Looking Back on 2017: The Top 5 Findings

Written by: Peter Reichard

Each December, Utah Foundation’s Board of Trustees gathers to look back over the previous year’s accomplishments. As part of the review, the board ranks the year’s research findings based on which findings they found most remarkable. The following are the top 5 findings of 2017.

Number 5: Despite experiencing below-average unemployment rates for the past four years, wages were not increasing as expected in a tight labor market. In May 2017, Utah Foundation released Help Wanted: Workforce Participation, Wages, Job Desirability, and Skills Gaps (www.utahfoundation.org/reports/help-wanted-workforce-participation-wages-job-desirability-skills-gaps/). The report focused on Utah’s worker shortage identified four principal contributing issues: a tight labor market, low wages, job desirability and skills gaps. Among its key findings was the discovery that the labor shortage in Utah had not translated into the sort of increases in compensation that one would expect.

Number 4: Utah’s 2016 voter participation was 39th in the nation, representing a substantial decline over the past 40 years. In October 2017, Utah Foundation released Checking the Box: The Latest on How Utahns Vote (www.utahfoundation.org/reports/checking-box-latest-utahns-vote/). The report found that, in relation to the national average, Utah’s voter participation in the 2016 presidential election was low: 39th in the nation. In previous decades, Utah had greater participation – as high as 70% in 1976 – and was far above the national average.

Number 3: Utah had the lowest impatient admission rate per 1,000 and the shortest average length of hospital stay in the country. In December 2017, Utah Foundation released the first installment in its new Utah Health Cost Series. The report, Bills of Health: What’s Driving Medical Service Costs in Utah, found a lot of good news (www.utahfoundation.org/reports/bills-health-whats-driving-medical-service-costs-utah/). For instance, Utah’s health care spending per capita is the lowest in the nation. For hospital care, only Arizona spent less per capita in 2014. Utah’s low per capita hospital spending is likely due to Utah’s hospital admission rates; our state had the lowest inpatient hospital admission rate per 1,000 in the nation. Generally, inpatient hospital admissions account for the greatest proportion of hospital care costs, as opposed to outpatient services. Utah also had the shortest average length of hospital stay in the country.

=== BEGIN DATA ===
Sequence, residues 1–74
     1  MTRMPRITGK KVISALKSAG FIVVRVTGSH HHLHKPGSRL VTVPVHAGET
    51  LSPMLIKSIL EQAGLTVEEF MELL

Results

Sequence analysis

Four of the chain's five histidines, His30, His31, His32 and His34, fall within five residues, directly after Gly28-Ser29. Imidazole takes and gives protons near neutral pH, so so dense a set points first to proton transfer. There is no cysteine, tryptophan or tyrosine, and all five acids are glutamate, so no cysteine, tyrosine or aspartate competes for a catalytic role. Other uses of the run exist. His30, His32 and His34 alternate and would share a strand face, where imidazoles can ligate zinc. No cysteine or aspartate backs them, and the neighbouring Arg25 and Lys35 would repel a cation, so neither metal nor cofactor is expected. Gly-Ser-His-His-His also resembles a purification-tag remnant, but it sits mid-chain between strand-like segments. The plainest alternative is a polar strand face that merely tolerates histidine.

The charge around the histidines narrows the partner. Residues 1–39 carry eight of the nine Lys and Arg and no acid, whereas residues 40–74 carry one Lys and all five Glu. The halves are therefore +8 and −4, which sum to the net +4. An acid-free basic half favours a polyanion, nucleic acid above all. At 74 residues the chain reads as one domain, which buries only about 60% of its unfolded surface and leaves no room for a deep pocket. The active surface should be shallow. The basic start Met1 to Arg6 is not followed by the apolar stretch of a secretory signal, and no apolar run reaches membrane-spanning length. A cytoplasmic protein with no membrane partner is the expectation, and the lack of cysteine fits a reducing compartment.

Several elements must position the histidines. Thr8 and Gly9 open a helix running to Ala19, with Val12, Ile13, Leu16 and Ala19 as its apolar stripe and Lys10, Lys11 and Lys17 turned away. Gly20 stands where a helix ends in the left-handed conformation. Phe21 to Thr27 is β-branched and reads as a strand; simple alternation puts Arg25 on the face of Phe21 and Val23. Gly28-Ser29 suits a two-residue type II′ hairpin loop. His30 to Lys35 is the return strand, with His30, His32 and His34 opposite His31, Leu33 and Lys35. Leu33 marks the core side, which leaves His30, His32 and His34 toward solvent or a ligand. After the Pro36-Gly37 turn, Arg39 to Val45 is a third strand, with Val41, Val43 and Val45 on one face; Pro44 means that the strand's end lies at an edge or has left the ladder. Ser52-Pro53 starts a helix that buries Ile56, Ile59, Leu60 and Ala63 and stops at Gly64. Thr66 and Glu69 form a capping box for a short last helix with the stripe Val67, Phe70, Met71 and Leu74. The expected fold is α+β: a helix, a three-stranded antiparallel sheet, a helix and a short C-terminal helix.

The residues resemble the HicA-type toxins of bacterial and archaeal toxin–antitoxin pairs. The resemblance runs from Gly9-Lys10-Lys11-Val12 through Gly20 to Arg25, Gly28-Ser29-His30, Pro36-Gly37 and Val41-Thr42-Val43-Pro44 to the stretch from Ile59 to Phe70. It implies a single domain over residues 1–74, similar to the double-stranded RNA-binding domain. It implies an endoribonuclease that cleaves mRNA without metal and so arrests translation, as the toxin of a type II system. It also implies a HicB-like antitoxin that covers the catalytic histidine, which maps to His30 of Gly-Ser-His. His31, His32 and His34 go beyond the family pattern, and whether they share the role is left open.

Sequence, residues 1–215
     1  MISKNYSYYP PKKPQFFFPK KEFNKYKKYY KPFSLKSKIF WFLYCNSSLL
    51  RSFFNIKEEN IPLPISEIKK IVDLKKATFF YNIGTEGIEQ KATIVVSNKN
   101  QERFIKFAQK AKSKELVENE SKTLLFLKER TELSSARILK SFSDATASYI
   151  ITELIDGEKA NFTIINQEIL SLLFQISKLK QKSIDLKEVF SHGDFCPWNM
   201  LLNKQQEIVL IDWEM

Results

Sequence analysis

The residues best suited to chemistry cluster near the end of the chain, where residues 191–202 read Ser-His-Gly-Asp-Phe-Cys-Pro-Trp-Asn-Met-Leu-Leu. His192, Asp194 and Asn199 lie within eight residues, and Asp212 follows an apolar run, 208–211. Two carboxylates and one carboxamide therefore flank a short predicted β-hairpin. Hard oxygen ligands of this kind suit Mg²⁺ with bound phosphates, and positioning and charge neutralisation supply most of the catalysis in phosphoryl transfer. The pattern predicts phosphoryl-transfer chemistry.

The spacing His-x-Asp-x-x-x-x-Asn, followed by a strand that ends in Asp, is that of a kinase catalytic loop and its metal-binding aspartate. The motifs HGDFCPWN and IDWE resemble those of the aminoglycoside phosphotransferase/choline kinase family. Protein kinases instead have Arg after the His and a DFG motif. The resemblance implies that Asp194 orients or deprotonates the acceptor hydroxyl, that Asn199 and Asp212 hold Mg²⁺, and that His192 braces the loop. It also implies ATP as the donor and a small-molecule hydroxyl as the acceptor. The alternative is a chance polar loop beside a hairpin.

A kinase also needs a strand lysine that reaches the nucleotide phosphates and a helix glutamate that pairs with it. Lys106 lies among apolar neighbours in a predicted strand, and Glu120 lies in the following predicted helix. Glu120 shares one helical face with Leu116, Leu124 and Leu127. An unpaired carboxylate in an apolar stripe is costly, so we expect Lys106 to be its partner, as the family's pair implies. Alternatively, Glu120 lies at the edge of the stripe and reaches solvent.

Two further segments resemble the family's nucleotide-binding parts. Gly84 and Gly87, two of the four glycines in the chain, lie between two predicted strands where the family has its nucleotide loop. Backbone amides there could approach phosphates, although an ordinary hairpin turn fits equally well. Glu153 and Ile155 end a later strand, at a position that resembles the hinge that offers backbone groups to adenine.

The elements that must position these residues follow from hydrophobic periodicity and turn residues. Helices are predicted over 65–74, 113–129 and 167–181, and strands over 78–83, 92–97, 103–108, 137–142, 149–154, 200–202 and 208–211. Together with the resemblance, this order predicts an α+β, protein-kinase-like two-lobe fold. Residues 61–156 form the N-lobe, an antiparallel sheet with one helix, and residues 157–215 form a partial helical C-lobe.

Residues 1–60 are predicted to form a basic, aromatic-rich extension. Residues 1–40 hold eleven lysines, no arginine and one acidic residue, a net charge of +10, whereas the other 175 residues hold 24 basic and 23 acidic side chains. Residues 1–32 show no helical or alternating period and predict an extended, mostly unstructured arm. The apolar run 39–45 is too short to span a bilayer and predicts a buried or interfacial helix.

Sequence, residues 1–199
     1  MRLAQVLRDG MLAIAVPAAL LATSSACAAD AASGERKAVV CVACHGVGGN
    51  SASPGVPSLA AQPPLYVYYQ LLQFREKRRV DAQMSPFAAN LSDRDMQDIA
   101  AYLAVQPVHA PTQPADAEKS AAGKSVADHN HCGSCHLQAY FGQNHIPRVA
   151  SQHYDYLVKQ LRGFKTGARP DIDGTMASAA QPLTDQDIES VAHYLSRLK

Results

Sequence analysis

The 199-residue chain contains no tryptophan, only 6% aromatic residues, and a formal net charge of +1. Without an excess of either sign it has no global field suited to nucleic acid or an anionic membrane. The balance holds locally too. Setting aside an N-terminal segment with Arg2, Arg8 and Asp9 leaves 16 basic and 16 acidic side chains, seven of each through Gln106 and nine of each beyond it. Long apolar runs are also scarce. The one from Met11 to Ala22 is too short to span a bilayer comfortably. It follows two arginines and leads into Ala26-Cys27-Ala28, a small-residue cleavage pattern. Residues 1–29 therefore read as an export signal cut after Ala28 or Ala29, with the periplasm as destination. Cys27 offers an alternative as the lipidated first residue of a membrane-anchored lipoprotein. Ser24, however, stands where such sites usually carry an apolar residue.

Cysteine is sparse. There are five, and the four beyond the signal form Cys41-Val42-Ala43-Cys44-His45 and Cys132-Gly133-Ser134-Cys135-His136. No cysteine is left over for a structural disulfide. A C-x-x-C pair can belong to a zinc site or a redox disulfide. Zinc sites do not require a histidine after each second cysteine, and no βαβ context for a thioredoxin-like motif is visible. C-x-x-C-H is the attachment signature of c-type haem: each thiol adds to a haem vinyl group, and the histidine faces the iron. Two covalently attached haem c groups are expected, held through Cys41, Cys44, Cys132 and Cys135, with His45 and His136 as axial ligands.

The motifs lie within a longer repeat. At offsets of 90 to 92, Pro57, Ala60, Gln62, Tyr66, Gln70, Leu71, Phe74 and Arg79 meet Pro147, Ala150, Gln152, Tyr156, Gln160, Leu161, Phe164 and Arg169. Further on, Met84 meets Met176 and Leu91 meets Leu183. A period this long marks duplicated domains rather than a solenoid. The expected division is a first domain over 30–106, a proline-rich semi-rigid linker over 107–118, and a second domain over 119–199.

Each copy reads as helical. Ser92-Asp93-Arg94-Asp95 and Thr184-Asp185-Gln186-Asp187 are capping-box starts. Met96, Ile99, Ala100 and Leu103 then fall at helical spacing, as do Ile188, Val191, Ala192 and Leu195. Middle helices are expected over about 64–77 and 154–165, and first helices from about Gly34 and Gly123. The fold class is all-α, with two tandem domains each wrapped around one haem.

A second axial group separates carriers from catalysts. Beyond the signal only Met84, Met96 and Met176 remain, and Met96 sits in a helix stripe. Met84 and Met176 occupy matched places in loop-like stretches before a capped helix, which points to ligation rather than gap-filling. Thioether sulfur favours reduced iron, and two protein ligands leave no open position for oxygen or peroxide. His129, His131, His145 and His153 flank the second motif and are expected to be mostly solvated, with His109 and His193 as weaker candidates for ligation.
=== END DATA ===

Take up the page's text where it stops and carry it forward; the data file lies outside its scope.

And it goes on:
Number 2: Hospital charges for the same procedures vary dramatically across the state. Bills of Health also found that the pricing variation among hospitals in Utah can be remarkable. Utah Foundation looked at certain instances with major price variations where we could not attribute the difference to length of stay or quality of care. These differences merit closer attention from the public, policymakers and the medical community.

The Number 1 Finding of 2017:
Uncompetitive races are the norm. In 2016, 71% of Utah’s state races were won by a margin of greater than 30%. Checking the Box looked at race competitiveness, one of the factors to consider when examining voter turnout. In the past decade, most races in Utah have either been won due to the lack of an opponent or were uncompetitive. In 2016, 71% of Utah’s state general election races – those for Governor, U.S. Senate and House, and State Senate and House – were won by a margin of greater than 30%. Over the past seven general and mid-year election cycles, more than 60% of state races were uncompetitive.

Comments are closed.